This came to present a major reputational risk for the diamond industry. After the Sierra Leone war, the industry set up the United Nations-backed Kimberley Process Certification Scheme, which is intended to verify the origin of rough diamonds and stop conflict diamonds entering the supply chain. Each diamond receives a certificate verifying that it comes from legitimate sources. The industry says this has led to a substantial drop in sales of conflict diamonds and associated crimes, although some human rights organisations say that it does not go far enough in preventing human-rights abuses and financial crimes.
Alternatives to mined diamonds are the other obvious potential risk. Historically, the cheaper substitute to natural diamonds were “simulants” – substances such as cubic zirconia (CZ), which is manufactured from zirconium dioxide and which has been commercially produced for the jewellery market since 1976. Nobody worried much about these. “Although popular in its own right, CZ is easy to recognize as a diamond simulant,” says diamond marketplace RapNet, “because it is more brilliant and sparkly than a real diamond and has no tint or inclusions [small imperfections in the structure].”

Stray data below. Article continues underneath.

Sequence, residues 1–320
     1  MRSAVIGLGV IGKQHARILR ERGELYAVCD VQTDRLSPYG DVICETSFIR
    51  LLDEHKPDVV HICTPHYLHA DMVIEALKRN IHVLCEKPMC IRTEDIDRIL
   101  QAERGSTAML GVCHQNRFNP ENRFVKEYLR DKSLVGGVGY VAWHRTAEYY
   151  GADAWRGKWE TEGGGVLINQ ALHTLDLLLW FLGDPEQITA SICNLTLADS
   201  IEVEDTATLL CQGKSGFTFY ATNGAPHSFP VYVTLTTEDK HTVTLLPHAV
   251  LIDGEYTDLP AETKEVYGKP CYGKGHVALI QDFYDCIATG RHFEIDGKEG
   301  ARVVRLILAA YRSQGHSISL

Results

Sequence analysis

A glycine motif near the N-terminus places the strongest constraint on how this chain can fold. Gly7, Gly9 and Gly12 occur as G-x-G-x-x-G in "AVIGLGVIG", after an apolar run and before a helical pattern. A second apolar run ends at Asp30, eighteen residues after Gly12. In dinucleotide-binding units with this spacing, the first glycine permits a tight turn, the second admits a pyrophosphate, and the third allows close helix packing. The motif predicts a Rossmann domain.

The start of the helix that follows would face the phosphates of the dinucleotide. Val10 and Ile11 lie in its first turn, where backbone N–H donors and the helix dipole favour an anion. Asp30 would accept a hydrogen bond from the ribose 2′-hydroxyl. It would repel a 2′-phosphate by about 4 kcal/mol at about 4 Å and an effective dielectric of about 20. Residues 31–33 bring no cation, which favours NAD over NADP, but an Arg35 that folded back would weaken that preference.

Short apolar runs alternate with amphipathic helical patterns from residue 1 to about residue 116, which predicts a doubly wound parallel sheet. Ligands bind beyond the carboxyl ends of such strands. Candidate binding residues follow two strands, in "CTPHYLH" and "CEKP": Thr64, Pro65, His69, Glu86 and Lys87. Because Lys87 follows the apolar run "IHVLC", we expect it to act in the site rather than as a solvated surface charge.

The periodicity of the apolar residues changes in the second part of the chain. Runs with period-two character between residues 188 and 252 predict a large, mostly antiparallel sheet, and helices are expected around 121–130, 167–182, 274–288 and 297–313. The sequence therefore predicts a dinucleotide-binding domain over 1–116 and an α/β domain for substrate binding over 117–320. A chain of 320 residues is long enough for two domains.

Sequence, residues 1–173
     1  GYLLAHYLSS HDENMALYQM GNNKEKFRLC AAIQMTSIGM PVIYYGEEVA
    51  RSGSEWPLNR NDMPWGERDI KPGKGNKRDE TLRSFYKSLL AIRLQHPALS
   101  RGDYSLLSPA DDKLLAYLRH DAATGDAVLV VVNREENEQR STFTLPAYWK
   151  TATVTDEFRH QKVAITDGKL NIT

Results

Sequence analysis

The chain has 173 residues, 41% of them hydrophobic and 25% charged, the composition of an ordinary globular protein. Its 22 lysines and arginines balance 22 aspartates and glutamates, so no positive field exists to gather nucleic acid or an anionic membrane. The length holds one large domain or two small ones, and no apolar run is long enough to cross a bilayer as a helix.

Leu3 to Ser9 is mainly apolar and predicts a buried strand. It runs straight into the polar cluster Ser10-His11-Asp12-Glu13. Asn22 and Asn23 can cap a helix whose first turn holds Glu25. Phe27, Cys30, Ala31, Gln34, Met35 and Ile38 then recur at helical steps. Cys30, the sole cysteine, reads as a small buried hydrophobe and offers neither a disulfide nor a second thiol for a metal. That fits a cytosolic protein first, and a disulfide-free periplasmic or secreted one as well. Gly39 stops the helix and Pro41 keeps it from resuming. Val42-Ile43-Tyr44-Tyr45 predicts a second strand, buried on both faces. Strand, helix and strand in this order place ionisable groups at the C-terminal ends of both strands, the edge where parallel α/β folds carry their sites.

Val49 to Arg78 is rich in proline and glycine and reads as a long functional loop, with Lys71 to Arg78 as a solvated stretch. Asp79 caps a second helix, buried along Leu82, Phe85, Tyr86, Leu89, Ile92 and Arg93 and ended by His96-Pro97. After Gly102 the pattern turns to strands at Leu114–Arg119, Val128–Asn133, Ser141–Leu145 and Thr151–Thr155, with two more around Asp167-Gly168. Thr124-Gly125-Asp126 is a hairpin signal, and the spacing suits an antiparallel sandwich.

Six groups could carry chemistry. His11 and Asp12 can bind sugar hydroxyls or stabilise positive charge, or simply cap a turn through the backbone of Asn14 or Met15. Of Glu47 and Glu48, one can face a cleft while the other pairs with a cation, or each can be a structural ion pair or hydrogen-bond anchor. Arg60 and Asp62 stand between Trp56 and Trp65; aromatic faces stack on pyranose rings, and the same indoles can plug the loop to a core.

However, “synthetic” or “laboratory-grown” gems are a different proposition. These are composed of the same materials and share identical chemical and physical properties. Two main techniques – high-pressure high temperature (HPHT) and chemical vapour deposition (CVD) – were developed in the 1950s, although it took until the 1970s for them to produce gem-quality stones and only within the past decade have these become cost-competitive with natural diamonds. The synthetic diamond market was worth $14bn in 2021, according to Data Bridge Market Research. It’s expected to grow by 7.5% a year to 2029, by which time its value would exceed $25bn. Much of this is for industrial purposes, but lab-grown diamonds are increasingly used in jewellery as well – and the best ones can only be distinguished from natural diamonds with specialised equipment.
Lab-grown diamonds now account for roughly 5%-10% of jewellery diamond sales, according to estimates by industry analysts, and are used by mass-market jewellers such as Pandora and Signet. This could pose a threat to demand for natural diamonds, so the mining industry is pushing back by positioning its product as rare and unique, in contrast to mass-produced, potentially unlimited supplies of lab-grown diamonds.
The fact that diamonds already come certified, and that certification specifies whether they are mined or lab-grown, should make this possible.
The post-Covid bounce will endure